Car Reviews

Living with the 2020 Nissan Leaf

We’re testing the new Nissan Leaf for six months and not just running about the city. We’ll be driving it up and down hills every day, running heating and mod cons full blast through winter and driving long trips…Hopefully our extension cord is long enough if we run out of juice.

Part One

Whenever a short range-range electric car or plug-in hybrid hits the road for the first time you can always count on the old average commuter distance woff to be included in the press release. Apparently we Aussies rarely travel more than 20km to work from home each day (38km round trip on average, in fact) so there’s really no need to worry about that 200-odd km battery pack in the car. Of course, country-folk need not apply.

So the pitch is pretty simple for the new Nissan Leaf – 270km real-world driving range, a small battery pack to save weight and the environment (producing batteries isn’t exactly a clean process), and it’ll save you some coin too.

But I’m not interested in driving to work and back and telling you that everything is fine. That’s easy, and we know that the Leaf can do that.

Living on the outskirts of Melbourne in the Yarra Ranges, the small Leaf faces a more challenging environment than in the city. There have been petrol guzzlers I’ve driven around the hills at home with fuel bills running quickly into triple digits and each visit to the servo can be frightening. It’s a power-hungry area, and power equals energy.

Oh, and it’s winter, and I like using a heated steering wheel and heated seat, and this Leaf has both, including rear heated pews. I’ll have them on nearly all the time.

This is the polar opposite to my first encounter driving an EV which was the Mitsubishi i-Miev in 2011. The range on that vehicle was horrendous and I almost got stuck just driving home on a cold winter evening with the heater and air con on at full blast – how times have changed!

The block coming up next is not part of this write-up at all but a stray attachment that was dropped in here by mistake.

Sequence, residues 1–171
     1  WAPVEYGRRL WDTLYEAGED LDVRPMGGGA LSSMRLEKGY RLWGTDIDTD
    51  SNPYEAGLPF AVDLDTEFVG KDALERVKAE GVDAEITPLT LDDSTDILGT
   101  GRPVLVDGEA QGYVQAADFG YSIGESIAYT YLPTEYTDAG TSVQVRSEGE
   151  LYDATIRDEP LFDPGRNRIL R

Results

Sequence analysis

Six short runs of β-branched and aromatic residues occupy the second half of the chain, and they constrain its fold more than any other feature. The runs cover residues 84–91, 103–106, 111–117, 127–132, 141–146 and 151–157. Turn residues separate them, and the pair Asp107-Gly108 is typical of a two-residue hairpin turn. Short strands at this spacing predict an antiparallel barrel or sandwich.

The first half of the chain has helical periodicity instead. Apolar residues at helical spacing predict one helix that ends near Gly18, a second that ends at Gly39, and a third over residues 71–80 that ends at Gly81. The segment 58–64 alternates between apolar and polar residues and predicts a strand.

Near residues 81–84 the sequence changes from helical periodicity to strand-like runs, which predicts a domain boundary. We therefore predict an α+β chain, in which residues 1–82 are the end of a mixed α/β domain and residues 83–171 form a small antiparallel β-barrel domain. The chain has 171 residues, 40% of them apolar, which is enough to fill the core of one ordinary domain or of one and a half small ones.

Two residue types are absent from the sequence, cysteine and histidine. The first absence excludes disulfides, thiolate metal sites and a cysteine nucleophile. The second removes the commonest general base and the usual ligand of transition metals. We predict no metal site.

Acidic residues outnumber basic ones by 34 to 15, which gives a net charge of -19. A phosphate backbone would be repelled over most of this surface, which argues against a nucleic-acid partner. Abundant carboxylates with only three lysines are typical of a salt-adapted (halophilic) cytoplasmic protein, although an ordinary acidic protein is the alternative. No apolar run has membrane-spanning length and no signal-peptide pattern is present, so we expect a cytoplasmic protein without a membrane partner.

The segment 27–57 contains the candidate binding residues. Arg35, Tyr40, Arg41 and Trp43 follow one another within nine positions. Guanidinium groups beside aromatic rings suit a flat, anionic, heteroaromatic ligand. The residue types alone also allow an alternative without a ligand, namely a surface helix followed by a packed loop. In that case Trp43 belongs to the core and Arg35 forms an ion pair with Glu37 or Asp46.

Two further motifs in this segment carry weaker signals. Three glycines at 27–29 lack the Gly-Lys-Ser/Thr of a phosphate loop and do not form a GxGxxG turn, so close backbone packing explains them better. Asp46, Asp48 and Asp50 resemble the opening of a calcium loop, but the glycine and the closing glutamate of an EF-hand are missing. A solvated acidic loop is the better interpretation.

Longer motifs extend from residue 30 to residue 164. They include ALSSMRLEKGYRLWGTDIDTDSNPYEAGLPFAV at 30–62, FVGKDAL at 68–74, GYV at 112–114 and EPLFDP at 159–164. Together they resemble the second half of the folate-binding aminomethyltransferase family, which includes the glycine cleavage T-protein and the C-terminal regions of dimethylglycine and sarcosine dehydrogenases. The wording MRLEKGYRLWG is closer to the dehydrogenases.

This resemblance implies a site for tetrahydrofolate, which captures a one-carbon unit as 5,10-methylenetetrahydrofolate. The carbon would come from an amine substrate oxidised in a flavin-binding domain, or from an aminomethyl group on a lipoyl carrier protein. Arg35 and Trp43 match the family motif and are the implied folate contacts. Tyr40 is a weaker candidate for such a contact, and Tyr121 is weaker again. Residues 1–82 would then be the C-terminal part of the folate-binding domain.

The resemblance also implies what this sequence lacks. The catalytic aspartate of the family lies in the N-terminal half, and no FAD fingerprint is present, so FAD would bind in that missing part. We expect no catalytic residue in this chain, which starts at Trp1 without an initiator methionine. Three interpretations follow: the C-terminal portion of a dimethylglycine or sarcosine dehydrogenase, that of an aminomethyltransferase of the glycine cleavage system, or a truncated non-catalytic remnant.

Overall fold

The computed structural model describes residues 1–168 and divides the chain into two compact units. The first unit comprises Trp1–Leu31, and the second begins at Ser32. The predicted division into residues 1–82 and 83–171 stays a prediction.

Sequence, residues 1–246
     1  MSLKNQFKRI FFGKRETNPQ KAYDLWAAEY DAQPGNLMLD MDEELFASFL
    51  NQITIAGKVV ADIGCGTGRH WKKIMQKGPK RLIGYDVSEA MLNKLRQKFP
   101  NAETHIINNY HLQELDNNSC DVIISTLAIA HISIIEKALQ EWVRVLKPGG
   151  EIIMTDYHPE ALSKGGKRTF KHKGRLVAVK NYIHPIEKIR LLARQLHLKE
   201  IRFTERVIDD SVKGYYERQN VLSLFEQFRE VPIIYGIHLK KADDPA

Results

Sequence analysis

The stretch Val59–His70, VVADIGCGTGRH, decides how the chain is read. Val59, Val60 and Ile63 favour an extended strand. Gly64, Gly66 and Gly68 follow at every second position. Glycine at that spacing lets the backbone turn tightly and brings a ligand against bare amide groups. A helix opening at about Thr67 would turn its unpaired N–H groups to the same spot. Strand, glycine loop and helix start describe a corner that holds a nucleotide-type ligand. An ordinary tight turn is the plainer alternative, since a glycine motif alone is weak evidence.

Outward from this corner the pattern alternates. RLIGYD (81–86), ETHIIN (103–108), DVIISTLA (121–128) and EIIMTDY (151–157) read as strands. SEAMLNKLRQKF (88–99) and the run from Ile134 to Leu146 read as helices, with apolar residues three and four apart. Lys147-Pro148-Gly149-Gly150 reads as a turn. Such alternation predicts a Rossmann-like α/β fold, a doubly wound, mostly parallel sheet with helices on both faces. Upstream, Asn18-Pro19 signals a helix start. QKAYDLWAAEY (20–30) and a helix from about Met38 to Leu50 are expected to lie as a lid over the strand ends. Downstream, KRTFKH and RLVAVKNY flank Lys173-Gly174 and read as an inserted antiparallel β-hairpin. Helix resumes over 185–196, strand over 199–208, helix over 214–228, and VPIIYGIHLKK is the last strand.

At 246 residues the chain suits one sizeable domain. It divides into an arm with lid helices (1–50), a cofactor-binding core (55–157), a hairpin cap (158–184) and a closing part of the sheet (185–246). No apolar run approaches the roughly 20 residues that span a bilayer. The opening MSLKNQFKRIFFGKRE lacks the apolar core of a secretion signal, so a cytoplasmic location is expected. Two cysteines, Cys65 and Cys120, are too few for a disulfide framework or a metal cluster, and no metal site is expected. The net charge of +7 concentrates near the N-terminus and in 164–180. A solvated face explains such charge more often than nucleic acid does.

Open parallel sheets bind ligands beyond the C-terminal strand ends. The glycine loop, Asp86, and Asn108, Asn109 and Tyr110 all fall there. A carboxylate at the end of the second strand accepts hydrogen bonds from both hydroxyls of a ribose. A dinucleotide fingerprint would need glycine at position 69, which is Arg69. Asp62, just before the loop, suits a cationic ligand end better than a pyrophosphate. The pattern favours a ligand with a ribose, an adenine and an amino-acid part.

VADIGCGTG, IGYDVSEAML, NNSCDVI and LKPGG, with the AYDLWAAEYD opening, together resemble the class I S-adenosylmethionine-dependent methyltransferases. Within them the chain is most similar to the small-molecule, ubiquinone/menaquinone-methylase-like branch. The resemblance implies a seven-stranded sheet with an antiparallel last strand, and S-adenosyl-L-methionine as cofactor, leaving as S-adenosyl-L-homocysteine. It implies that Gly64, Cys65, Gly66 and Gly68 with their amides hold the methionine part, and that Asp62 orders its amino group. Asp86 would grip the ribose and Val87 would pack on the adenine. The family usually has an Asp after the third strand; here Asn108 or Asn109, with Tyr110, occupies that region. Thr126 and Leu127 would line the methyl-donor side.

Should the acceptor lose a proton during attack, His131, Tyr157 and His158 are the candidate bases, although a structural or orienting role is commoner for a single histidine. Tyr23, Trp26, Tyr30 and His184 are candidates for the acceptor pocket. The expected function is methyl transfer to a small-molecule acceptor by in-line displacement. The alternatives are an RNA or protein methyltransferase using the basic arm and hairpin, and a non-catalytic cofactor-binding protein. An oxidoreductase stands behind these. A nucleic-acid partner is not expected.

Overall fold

So, I’m interested to see how this polite EV will fare on something more than flat urban running. For a start, you get an estimated 270km range when the 40kWh lithium-ion battery is charged up to 100 per cent capacity, which is more than what the display showed me when I picked it up at 229km. The drive from picking it up to home was about 100km, which should be easy enough, and with the hills in sight as I whizzed along…I chickened out. I had no idea how slow charging at home would be (I’m only using a 15amp general power outlet (GPO) plug, for now) and decided I’d grab a charge for free from Knox Council’s 22kW Type 2 charging station. 

What that means is the plug (there’s actually two there) is a ‘Type 2’ plug and the maximum charging output is 22kW. You can get chargers up to 350kW (with 150kW more the norm) so 22kW isn’t particularly fast.

Finding the charging station was simple too. Create a free Charge Fox account and download the app onto Apple or Android and a map displays charging stations, including if it’s free or not (many are).

The Leaf comes with two types of charging ports located underneath a flap on its snout. They’re Chademo and Type 2 ports and illuminated at night by a little light. The Chademo plug is special as it allows for Vehicle2Grid reverse energy sharing, which we’ll dissect another time.

With the Type 2 cable plugged in, I decided to wait it out, watching the charge on the digital screen in the driver’s cluster which is about as fun as watching paint dry. It sucked in 45km range in 50min at a rate of 6.0kW.

Sitting the cabin for so long you notice there’s a mix of nice materials and basic panels to cover large areas, like hard plastics across the lower dash but stitched leather higher up, on the steering wheel and around the centre arm console. The infotainment screen is certainly a step up for Nissan, measuring 8.0-inches across and with nice bright graphics. It also has Apple CarPlay and Android Auto, which transform functionality from average to great. And the speakers attached to it are decent as well.